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Burnett's Urban Etiquette

Thursday, December 13, 2007

Don't make me chase you!

There has been a lot of discussion about police take-down tactics in South Florida over the past week or so, ever since a group of police officers was caught on tape allegedly roughing up a suspect who had led the cops on a long, dangerous car chase.

The chase started when the cops tried to pull this guy over, 'cause his car was similar to one they thought had been used in a crime. Turned out later he wasn't involved in the other crime. At the end of the chase the suspect bailed from his car, ran to a nearby strip of grass and literally dove to the ground face down, before the officers set upon him. Later the suspect, who was recently released from prison, said he fled, because he was driving on a suspended license.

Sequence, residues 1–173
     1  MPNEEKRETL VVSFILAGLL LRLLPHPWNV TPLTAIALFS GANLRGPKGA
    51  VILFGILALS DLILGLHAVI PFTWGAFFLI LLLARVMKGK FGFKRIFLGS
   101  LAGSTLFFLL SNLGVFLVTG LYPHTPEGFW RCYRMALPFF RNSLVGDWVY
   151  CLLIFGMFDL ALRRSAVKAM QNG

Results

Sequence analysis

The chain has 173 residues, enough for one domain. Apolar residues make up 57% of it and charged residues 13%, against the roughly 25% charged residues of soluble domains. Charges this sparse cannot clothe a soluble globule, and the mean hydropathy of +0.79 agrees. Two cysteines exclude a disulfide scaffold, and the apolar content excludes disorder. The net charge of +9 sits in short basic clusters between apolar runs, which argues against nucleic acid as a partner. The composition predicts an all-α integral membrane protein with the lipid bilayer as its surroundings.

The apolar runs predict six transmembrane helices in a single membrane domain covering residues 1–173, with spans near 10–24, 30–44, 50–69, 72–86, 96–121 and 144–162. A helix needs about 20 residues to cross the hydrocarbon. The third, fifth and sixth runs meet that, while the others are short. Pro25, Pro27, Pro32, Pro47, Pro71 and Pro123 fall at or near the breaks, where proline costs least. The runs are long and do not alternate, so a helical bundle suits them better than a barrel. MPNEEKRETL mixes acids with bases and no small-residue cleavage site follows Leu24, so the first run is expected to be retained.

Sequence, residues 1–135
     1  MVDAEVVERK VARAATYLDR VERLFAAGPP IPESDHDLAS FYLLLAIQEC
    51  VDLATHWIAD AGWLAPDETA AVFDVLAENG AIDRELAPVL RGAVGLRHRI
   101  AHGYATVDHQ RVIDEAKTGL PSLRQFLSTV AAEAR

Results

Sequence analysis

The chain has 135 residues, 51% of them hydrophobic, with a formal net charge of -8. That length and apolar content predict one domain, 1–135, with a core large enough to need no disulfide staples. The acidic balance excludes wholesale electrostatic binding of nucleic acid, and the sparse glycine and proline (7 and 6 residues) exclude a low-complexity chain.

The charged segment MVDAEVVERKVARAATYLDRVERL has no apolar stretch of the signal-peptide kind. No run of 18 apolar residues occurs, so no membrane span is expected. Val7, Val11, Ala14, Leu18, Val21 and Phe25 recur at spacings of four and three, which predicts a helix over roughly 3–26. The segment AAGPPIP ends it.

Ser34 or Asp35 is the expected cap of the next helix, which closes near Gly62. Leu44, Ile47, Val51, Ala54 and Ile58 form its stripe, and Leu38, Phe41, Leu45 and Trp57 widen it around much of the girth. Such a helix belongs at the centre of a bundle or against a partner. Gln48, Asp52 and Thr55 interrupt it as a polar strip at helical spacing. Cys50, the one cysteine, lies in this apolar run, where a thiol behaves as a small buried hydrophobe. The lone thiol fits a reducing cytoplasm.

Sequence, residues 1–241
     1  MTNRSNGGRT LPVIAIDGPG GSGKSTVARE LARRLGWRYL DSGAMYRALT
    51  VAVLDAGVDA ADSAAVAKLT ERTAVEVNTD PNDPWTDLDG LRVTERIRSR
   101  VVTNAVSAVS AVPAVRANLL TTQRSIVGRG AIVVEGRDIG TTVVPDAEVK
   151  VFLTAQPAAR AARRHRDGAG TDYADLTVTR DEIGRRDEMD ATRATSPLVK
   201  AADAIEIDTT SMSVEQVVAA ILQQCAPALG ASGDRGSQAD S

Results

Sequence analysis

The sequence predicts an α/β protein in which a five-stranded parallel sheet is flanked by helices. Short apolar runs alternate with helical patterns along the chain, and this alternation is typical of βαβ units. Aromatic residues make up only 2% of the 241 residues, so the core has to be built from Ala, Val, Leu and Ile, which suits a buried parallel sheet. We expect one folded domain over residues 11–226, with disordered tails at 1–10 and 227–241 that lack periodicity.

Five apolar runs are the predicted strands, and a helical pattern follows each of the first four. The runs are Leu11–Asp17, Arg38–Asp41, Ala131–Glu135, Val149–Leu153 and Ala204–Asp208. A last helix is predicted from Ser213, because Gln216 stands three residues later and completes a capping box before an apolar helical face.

Debate has ranged from the cops being justified to the cops being accused of brutality, since the guy was already face down and spread-eagle when they started to "subdue" him. I've been sort of on the fence. That was until I saw a kid and his mom in a "standoff" outside my barbershop Wednesday morning, and a real time analogy unfolded before my eyes.

I was actually sitting on a bench in the shop in downtown Miami, waiting to get my hair cut, when I noticed just outside the door of the shop a woman speaking in warning tones to a young boy - I'd say either her son, nephew, or someone she was babysitting. I'm thinking son, though.

Anyway, the kid couldn't have been more than 4-years-old. And who knows how old the mom was? What I do know was she kept telling him to come to her, but she didn't have the speed or athletic prowess to make him comply.